Aegord History, Family Crest & Coats of Arms
The name Aegord is tied to the ancient Anglo-Saxon culture of England. It comes from the ancient personal name Eggar.
Early Origins of the Aegord family
The surname Aegord was first found in Lancashire in the north of England, where they held a family seat from ancient times, but from about the 13th century moved south to Foston in Derbyshire, and Sudbury, in the same county.
Early History of the Aegord family
This web page shows only a small excerpt of our Aegord research. Another 53 words (4 lines of text) covering the years 1516, 1613, 1701, 1540, 1615, 1540 and 1627 are included under the topic Early Aegord History in all our PDF Extended History products and printed products wherever possible.
Aegord Spelling Variations
Only recently has spelling become standardized in the English language. As the English language evolved in the Middle Ages, the spelling of names changed also. The name Aegord has undergone many spelling variations, including Agard, Aggard, Aegard, Agart, Aggart, Egard and many more.
Early Notables of the Aegord family (pre 1700)
Distinguished members of the family include Mabel Agard of Foston; and Étienne Agard de Champs (Dechamps) (1613-1701), a French Jesuit theologian and author.
Arthur Agard or Agarde (1540-1615), was a distinguished antiquary and deputy-chamberlain in the Exchequer, was descended from an ancient Derbyshire family. He...
Another 44 words (3 lines of text) are included under the topic Early Aegord Notables in all our PDF Extended History products and printed products wherever possible.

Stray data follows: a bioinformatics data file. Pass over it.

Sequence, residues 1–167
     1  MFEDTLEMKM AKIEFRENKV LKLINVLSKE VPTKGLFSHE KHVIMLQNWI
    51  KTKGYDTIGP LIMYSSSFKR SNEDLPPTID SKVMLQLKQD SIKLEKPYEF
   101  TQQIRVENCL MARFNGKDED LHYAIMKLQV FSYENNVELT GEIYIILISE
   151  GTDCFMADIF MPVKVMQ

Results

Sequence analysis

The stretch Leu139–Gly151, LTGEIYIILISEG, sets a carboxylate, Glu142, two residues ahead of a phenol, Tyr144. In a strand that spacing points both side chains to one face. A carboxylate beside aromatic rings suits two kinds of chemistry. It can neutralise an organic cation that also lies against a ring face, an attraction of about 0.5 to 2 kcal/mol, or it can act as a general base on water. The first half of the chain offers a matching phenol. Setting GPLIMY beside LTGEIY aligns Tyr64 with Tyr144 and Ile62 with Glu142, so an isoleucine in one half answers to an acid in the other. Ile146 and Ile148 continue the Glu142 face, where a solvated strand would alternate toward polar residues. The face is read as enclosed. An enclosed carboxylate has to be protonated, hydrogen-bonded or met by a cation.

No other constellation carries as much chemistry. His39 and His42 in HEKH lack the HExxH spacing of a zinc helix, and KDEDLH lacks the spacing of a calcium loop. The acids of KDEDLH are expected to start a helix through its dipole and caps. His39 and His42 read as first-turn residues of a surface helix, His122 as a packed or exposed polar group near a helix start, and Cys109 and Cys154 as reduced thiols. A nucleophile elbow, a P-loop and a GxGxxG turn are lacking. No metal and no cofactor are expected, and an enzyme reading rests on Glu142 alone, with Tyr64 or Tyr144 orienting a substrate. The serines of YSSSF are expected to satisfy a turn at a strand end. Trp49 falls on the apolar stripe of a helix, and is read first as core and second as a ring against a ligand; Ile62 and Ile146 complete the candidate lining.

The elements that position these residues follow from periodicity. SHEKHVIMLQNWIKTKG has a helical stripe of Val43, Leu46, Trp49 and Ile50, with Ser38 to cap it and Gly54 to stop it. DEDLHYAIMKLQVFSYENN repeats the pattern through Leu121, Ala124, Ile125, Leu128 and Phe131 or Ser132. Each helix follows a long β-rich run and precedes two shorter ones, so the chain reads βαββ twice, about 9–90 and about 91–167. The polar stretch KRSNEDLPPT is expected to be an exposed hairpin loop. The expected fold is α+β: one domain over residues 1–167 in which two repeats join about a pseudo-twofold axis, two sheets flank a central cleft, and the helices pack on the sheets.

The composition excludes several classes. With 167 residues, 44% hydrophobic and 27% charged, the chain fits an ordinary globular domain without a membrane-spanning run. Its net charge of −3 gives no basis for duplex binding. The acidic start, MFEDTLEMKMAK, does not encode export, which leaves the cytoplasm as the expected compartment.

Migration of the Aegord family to Ireland
Some of the Aegord family moved to Ireland, but this topic is not covered in this excerpt.
Another 69 words (5 lines of text) about their life in Ireland is included in all our PDF Extended History products and printed products wherever possible.
Migration of the Aegord family
To escape the unstable social climate in England of this time, many families boarded ships for the New World with the hope of finding land, opportunity, and greater religious and political freedom. Although the voyages were expensive, crowded, and difficult, those families that arrived often found greater opportunities and freedoms than they could have experienced at home. Many of those families went on to make significant contributions to the rapidly developing colonies in which they settled. Early North American records indicate many people bearing the name Aegord were among those contributors: Edward Agard was one of the earliest settlers in the New World, being recorded in Virginia in the year 1640; Adam Egart settled in Philadelphia, Pennsylvania in 1749.
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